• Current Good Manufacturing Process - cGMPSame is safer • Requirements – Defined, written protocols – Complete records of all manufacturing and testing – Validation of key equipment and processes – Use of approved raw materials – Stability testing and controlled storage • Release Specifications – Definition: the combination of physical, chemical, biological, and microbiological test requirements that determine whether a drug product is suitable for release at the time of manufacture – Examples:  Identity  Purity  Physico-chemical properties (e.g. solubility, melting points, particle size, etc)  Stability – Requires validated analytical methods
  • Assay ValidationReproducible reproducibility • Accuracy • Comparison of assay to existing measurements of analyte • Precision • Agreement among individual test results (e.g. variance, standard deviation, coefficient of variation), including: • Repeatability- intra-assay variability under same operating conditions (same operator, same day) • Intermediate Precision- intra-assay variability under varying conditions (different operator, different day) • Reproducibility- variability of assays performed in different laboratories • Specificity • Performance of an assay in actual biological matrix (e.g. serum, saliva) and in presence of potentially interfering agents • Detection Limit • Limit of detection (LOD) defined by spiking sample with a known quantity of analyte standard • Quantification Limit • Lower limit of quantitation (LLOQ) and upper limit of quantitation (ULOQ) of analyte that can be measured accurately • Linearity and Range • The range in which analyte concentration is proportional to assay readout • Robustness • Effect of environmental variations (e.g. temperature, humidity) & performance variations ( e.g. incubation times) Source: Guidance for Industry: Bioanalytical Method Validation, FDA CDER, May 2001
  • Analytical TestingEnd product: Certificate of Analysis (COA) • Identity – Structure elucidation – IR, UV, NMR, MS, elemental analysis, wet chemical • Strength – Measure of therapeutic activity – Assay, potency; HPLC, biological activity • Quality – Measure of ingredient and manufacturing control – pH, optical rotation, specific gravity, viscosity, refractive index, dissolution, disintegration • Purity – Known impurities: intermediates, reagents/catalysts – Known constituents: moisture, organic volatile impurities, heavy metals, arsenic, lead, sulfate, chloride – Biological: sterility, pyrogens, microorganisms • Stability – Stress degradation study, define storage conditions – Typically 6 months to get to IND, eventually out to 2-3 years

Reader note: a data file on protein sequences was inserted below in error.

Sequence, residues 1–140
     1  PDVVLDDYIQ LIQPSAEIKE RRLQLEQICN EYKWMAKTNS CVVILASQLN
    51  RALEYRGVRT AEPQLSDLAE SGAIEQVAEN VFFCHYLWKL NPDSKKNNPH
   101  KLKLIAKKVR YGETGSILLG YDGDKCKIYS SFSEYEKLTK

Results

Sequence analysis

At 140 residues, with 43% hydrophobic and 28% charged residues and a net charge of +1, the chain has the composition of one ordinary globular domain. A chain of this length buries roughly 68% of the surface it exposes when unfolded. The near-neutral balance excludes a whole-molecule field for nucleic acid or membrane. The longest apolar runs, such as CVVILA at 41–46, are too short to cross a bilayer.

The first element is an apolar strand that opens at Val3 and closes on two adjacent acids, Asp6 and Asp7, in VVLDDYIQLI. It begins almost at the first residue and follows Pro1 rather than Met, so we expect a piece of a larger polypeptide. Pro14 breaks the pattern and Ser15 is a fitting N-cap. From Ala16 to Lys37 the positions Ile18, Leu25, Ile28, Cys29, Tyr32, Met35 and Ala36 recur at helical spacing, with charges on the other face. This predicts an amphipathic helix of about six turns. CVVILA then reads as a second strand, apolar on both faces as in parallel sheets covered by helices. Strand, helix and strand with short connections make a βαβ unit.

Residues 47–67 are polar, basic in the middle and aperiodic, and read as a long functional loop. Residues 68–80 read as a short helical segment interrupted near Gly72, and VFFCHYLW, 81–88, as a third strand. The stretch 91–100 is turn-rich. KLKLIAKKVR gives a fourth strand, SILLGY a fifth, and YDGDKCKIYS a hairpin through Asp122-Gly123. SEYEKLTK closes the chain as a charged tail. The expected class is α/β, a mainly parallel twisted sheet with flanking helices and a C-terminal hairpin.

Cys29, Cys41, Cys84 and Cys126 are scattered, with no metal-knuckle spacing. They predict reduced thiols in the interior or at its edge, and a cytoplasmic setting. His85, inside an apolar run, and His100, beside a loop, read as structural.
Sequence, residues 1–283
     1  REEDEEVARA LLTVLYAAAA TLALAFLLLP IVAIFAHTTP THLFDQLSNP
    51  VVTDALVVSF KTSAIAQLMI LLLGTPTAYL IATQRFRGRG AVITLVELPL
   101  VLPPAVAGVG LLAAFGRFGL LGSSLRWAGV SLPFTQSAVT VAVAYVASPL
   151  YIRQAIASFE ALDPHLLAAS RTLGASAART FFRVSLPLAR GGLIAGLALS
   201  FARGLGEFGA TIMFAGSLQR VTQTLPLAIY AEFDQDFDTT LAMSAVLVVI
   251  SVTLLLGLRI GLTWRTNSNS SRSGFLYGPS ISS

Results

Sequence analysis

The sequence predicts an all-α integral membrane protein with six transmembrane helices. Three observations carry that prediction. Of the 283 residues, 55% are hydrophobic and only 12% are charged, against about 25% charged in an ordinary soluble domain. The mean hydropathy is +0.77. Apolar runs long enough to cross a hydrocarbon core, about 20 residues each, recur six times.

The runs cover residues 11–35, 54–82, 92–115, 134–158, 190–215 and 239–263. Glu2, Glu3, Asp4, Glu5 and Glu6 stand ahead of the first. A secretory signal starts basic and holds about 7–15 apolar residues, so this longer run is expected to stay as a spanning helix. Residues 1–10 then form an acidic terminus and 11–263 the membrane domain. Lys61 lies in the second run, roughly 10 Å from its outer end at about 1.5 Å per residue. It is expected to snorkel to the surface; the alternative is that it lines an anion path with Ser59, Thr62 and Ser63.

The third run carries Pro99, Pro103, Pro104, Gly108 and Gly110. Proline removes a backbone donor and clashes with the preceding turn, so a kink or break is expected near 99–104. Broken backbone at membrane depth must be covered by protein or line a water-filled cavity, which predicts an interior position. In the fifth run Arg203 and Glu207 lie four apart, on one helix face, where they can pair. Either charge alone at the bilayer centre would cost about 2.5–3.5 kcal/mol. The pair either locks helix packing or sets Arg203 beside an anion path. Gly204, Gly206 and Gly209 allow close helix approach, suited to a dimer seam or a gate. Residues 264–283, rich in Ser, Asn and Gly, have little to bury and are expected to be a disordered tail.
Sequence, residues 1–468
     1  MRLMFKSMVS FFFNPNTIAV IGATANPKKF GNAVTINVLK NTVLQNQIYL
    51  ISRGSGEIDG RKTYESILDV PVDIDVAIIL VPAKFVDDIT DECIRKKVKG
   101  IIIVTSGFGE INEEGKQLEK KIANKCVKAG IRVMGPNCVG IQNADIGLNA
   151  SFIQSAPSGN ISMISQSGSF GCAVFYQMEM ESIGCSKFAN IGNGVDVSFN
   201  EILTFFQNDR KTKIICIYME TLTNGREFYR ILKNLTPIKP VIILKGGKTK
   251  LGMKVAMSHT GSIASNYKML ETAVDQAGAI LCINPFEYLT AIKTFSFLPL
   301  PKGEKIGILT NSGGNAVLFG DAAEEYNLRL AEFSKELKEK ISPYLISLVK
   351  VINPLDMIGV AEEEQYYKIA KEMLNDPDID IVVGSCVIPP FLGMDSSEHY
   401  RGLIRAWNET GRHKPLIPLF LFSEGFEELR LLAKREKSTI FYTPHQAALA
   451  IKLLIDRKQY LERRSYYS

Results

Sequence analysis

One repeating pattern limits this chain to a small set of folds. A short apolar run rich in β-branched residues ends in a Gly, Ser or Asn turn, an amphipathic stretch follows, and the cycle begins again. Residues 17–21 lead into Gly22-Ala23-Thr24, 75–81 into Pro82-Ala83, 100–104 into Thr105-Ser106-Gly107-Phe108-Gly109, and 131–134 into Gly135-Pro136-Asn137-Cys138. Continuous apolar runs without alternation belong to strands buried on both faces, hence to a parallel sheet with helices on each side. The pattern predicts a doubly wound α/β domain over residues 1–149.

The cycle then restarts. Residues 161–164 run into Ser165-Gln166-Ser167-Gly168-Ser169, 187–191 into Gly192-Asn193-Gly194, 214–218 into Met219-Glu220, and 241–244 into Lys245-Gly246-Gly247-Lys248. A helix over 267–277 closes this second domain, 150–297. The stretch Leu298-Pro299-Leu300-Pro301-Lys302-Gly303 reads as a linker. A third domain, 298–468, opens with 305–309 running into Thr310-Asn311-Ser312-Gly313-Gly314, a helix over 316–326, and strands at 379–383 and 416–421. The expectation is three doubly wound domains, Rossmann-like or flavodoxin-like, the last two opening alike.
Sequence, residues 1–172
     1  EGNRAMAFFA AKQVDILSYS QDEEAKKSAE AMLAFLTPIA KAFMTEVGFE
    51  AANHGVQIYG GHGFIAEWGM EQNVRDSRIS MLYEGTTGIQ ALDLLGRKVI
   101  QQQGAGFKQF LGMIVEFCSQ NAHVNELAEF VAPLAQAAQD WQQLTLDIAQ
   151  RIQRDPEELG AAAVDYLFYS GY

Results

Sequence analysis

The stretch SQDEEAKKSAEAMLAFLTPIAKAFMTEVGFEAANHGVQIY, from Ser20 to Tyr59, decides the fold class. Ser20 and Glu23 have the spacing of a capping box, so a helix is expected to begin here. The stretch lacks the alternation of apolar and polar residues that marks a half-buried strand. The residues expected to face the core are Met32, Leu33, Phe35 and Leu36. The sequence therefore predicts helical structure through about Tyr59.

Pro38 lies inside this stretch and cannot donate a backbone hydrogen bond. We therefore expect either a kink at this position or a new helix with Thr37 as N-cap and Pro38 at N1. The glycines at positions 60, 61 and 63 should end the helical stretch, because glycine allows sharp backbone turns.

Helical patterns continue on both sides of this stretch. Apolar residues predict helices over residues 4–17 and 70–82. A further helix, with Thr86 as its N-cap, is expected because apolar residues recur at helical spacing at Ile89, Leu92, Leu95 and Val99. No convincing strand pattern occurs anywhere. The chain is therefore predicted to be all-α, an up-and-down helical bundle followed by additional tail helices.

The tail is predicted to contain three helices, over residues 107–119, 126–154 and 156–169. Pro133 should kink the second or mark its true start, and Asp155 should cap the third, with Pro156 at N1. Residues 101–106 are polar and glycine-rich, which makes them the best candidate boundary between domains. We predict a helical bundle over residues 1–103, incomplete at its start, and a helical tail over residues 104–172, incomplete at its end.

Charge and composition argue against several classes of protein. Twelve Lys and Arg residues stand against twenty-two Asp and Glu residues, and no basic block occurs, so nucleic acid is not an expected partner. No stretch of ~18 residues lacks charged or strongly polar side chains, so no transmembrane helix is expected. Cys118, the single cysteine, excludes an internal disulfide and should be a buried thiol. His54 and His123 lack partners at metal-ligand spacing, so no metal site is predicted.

• Pharmacology and ToxicologySafety first (Side effects may include…):* •Eye Curdling •Monkey Lung •Brain Sporking •Pituitary Frothing •Follicular Swelling •Pulmonary Weevils •Fragile Hypothalamus •Honus Wagner Disease •Spontaneous Combustion •Umbilical Cord Resurgence •Tracheal Meerkat Colonies •Chronic Temporal Inversion •Sporadic Random Clinical Efficacy * Thank you Stephen Colbert
  • Preclinical ToxicologyMoving from ADME to Clinic • Objectives – Identify target organs • CNS • Pulmonary • Cardiovascular – Characterize dose response • NOAEL – No Observable Adverse Effect Level • MTD – Maximum Tolerated Dose – Establish starting dose and escalation scheme – Determine reversibility of toxic effects – Stability testing and controlled storage • Concerns – Narrow therapeutic index (LD50 / ED50) – Irreversible – Delayed or cumulative
  • Definitive GLP Studies (GLP)IND-directed repeated dose toxicity studies • Rodent and Non Rodent – Selected from range-finding studies • Dosing Strategy – 4 dose groups: control (vehicle), test article (low, mid, high) – Route: generally by intended route & frequency  e.g. 3 times weekly for 4 weeks (for intermittent clinical administration)  e.g. Daily oral dosing for 28 days (for daily clinical administration) • Recovery Period – Usually ~2 weeks for 28 day study • Analysis – Clinical Observations, Body Weight, Food Consumption – Clinical pathology (clinical chemistry, hematology, coagulation) – Urinalysis, Ophthalmology – Toxicokinetics (TK)  Determine drug profile and accumulation Day1 vs. Day 28 – Histopathology (all tissues) – Identify MTD and No Observable Adverse Effect Level (NOAEL)
  • Genetic Toxicology (GLP)Generally required for all small molecules • Bacterial Reversion Assay – Salmonella/E.coli Reverse Mutation Assay (Ames Test) • In vitro mammalian cell assay – mouse lymphoma assay or – CHO chromosomal aberrations • Micronucleus assay – May be performed as part of GLP rodent toxicity study • Second tier (in vivo) test – may be required if a positive response in one of the above is observed; options:  Transgenic mutagenesis  In vivo unscheduled DNA synthesis • Biologics exception – Biologics generally do not require the in vitro tests, but micronucleus may be requested as part of animal studies